Controversy and a TV series named Messiah go hand-in-hand. The country of Jordan asked Netflix to ban the show. In reality, the idea of The Second Coming is genius, the presentation bound to offend many. A ten-part series, episodes one, eight, and nine are very good, the rest slow and filler. With too many loose ends, the concluding episode is unsatisfying. From Syria to Israel to Texas and Washington D.C., the program cuts a wide swath across some barren yet beautiful country. Al-Masih has the look of Messiah, but a past littered with contradictions. But, the world awaits his words. Inevitably, those in power have concerns. Is he a champion or a charlatan? I give Messiah 3 Gavels and it receives a 40% Rotten Tomatoes rating with an 89% Audience score.
Al-Masih predicts God will not allow Damascus to be taken by the Islamic State. The city is saved by an extended sandstorm and Al-Masih leads his followers to Israel. Stopped at the border, he is arrested. Surreptitiously released, he preaches at a mosque in Jerusalem interrupted by a police shooting. Al-Masih performs a second “miracle” saving a young child. Soon thereafter, he “saves” a young girl and a church at the Texas border from a tornado. Needless to say, he has everyone’s attention, including the CIA and FBI.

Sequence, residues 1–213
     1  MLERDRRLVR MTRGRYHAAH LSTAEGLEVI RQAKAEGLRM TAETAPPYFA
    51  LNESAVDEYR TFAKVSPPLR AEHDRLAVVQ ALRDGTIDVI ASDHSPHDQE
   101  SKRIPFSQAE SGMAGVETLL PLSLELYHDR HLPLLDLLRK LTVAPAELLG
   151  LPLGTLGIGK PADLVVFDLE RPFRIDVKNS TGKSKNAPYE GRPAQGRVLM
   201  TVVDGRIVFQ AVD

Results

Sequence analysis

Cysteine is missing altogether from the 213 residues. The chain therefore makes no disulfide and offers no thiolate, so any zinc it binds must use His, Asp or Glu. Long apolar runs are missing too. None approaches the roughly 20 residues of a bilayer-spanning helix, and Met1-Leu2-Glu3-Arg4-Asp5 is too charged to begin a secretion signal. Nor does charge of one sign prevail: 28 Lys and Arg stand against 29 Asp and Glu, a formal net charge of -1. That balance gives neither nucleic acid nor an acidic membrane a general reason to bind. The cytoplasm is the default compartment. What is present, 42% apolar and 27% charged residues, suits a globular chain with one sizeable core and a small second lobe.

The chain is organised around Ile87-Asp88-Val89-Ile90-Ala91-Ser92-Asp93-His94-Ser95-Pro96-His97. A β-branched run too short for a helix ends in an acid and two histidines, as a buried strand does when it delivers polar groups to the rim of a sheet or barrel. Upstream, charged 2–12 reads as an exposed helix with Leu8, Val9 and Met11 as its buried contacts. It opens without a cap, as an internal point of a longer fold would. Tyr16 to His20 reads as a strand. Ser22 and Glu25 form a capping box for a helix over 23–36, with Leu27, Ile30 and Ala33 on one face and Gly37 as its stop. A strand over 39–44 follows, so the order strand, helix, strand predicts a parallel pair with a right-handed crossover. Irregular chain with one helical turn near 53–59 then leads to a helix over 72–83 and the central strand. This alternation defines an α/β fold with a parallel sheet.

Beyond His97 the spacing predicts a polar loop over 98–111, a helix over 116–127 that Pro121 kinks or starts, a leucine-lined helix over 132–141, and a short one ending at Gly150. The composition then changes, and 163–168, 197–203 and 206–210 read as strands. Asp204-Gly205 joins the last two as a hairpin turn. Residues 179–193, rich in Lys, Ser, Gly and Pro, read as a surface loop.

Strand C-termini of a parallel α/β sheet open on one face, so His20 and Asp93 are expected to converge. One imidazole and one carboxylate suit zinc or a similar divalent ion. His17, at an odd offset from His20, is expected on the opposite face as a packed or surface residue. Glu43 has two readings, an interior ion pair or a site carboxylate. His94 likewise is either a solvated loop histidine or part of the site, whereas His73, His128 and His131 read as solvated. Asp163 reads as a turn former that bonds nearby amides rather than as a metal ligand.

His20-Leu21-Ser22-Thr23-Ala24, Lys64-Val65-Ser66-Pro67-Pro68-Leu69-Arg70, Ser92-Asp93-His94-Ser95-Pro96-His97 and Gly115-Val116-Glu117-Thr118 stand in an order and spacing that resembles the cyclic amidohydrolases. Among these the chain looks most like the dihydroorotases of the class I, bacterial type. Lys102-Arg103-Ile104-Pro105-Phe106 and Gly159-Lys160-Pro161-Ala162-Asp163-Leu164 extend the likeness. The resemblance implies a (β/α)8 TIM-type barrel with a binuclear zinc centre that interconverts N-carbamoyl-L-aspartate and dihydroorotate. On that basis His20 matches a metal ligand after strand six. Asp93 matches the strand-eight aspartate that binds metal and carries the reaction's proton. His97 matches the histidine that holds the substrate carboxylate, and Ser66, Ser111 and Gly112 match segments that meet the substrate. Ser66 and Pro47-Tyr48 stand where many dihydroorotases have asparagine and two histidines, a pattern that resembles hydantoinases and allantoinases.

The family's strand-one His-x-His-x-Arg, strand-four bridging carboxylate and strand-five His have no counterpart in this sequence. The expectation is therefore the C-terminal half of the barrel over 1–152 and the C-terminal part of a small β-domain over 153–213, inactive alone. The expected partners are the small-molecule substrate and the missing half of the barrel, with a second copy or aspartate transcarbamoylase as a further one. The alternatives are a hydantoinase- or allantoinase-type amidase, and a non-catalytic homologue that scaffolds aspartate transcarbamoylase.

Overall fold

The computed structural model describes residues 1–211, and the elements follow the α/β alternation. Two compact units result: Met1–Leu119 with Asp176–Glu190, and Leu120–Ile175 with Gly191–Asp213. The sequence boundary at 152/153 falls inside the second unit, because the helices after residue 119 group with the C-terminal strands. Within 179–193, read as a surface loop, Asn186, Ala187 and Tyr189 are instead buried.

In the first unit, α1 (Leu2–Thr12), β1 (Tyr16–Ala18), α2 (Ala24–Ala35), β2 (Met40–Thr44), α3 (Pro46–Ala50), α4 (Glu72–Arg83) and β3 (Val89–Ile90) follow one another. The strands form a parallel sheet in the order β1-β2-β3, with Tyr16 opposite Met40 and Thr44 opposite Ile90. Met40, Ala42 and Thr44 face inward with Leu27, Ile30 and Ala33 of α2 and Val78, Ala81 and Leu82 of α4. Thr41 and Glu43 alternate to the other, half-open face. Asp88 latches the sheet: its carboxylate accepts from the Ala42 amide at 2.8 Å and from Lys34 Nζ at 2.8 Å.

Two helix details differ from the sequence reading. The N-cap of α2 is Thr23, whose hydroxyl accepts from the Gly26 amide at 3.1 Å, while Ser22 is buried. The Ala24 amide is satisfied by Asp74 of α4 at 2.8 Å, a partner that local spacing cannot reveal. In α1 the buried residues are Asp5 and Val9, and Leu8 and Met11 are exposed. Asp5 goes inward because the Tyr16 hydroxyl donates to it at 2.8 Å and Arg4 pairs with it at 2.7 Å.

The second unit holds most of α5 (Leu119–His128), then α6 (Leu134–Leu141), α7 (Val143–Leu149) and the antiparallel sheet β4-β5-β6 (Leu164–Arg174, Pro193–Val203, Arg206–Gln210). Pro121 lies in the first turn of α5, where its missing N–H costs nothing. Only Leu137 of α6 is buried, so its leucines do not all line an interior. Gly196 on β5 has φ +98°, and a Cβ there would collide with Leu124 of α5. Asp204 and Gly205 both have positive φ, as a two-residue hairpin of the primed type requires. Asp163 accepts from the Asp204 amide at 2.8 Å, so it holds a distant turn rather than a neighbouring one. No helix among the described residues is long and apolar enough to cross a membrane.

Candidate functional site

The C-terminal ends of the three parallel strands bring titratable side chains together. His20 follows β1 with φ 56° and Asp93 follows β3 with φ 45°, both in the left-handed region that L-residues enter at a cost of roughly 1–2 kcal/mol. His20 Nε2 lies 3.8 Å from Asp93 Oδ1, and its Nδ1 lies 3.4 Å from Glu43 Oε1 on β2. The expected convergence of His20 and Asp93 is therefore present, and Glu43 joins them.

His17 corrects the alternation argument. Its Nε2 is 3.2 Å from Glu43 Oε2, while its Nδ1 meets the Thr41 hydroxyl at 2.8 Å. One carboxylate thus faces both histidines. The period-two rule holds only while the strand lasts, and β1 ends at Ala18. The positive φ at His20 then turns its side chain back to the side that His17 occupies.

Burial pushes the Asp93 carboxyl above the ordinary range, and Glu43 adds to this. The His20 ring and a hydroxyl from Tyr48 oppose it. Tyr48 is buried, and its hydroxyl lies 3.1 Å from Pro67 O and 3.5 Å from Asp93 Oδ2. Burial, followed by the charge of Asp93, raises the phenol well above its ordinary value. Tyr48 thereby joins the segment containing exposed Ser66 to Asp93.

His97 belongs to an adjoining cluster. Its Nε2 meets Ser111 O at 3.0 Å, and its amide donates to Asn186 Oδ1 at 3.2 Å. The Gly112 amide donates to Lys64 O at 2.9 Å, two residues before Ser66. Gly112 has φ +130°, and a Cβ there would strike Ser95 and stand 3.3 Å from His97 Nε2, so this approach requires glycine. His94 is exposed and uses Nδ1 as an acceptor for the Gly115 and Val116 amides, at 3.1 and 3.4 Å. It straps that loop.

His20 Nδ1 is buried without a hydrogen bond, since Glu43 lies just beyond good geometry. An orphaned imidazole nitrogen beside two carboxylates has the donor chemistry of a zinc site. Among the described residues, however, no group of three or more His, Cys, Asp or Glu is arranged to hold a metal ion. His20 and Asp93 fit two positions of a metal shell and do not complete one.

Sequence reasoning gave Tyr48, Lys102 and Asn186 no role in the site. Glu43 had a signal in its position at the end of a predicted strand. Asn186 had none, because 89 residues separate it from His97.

As CIA officer Eva Gellar, Michelle Monaghan is a Carrie Mathison-Homeland type character. A loner, driven to find the truth, Gellar defies her superiors. Mehdi Dehbi, recently seen in London Has Fallen, is straight out of central casting. Rarely speaking, except in answer to questions, his responses are usually ambiguous. John Ortiz (Bumblebee, Peppermint, A Dog’s Purpose) acts the part of the American preacher under Al-Masih’s spell.
Much of the Muslim concern relates to the name Al-Masih ad-Dajjal who is an evil figure in Islamic theology. The name translates to “the false messiah, liar, the deceiver.” The creator of Messiah expects each viewer to have a different experience. One can easily imagine some Christians and Jews to be equally upset by Al Masih’s proclamations. But, as we are reminded, this is just a TV show. A show that most critics think loses focus from time to time. That happens when a four-part idea expands to a ten-part series. Despite the lull, I plowed through the episodes determined to find out if Al-Masih was Messiah or just Messy. Let’s just say that the ending sets up Season 2, if there is one.